Flip a toaster on its side to make grill cheese
Water  straight from the tap becomes cloudy when frozen. To make ice cubes crystal clear, allow a kettle of boiled water to cool slightly and use this to fill your ice cube trays.
Use a large muffin tin to cook stuffed peppers in the oven – it will help keep them upright.
To prevent potatoes budding, add an apple in the bag.
Add half a teaspoon of baking soda to the water when hard-boiling eggs to make the shells incredibly easy to peel off.

WD40 can be used to remove crayon marks from any surface!

To tell if eggs are fresh, immerse them in a bowl of water. Fresh eggs will lie on the bottom, while stale eggs will float to the surface.
To clean a wooden chopping board, sprinkle on a handful of Kosher salt and rub with half a lemon. Rinse with clean water and dry to ensure it is clean and germ-free.
Use ice-cubes to lift out indentations made by furniture on your carpets.
Prevent soil from escaping through the holes in the base of flowerpots by lining with large coffee filters

To sharpen scissors, simply cut through sandpaper.
Use rubber bands to help open a jar easily: place one around the jar lid and another around the middle of the glass. The rubber provides friction to prevent your hands from slipping.
To prevent your eyes watering while chopping onions, wipe the chopping board with white vinegar (which won’t affect the taste of the onions)
Store bed sheets inside their pillowcases for easy storage and access
Drop a couple of denture cleaning tablets into the toilet bowl at night to clean off stubborn stains.

Use cupcake cases to cover drinks glasses in the summer and prevent flies from dropping in
Use egg boxes to store delicateChristmas tree decorations
This has to be the simplest way to open those annoying blister packs!
Use a cut potato to easily remove a broken lightbulb
Use chalk to remove grease stains from clothes. Simply rub white chalk on the affected area and wash as normal – the chalk will absorb the grease and be washed away in the cycle.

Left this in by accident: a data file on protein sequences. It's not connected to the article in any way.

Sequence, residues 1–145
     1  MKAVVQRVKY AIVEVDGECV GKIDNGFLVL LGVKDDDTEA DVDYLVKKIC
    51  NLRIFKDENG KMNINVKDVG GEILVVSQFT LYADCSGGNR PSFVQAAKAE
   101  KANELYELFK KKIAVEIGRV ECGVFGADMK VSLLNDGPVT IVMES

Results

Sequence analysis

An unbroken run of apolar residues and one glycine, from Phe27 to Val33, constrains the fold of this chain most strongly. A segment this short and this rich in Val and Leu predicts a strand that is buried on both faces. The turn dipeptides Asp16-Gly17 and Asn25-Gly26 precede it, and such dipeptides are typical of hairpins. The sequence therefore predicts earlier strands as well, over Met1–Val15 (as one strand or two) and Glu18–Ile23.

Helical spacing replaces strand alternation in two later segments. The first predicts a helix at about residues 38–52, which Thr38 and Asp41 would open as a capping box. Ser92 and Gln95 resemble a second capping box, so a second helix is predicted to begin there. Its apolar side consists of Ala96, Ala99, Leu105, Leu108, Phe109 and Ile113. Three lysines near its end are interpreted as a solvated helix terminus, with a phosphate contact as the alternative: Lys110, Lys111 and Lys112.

Use a rubber band to rescue a stripped screw
Wrap rubber bands around the ends of a coat hanger to prevent dresses from slipping off.
Yet another use for drinks can ringpulls! Use to create a hanging loop for picture frames by screwing into the back.

Map of the Worlds Food

This is cool.

A World Food Map

World Food Map
Explore more visuals like this one on the web’s largest information design community – Visually.

A culinary map of the world showing the most popular dish/meal/food for each country. Data has been collected using Google’s search suggestions – the first result (coming up on top) was used for a particular country. Used search phrase was “How to make [Belgian] …” or “[Belgian] * recipe” (where suggestions were not appropriate). See more at:

Sabrage (Sabering) Champagne

Some dear friends of mine know how to do this! SO very cool! Take a look at this fun and informative video from Sploid on

How to open a bottle of champagne with a sword and science

How to open a bottle of champagne with a sword and science

People don’t keep a saber in the kitchen drawer, but opening a champagne bottle with a sword is so cool that it should be mandatory—at least—in every single restaurant. Here’s food star Alton Brown showing you how you do it and why this method works so well.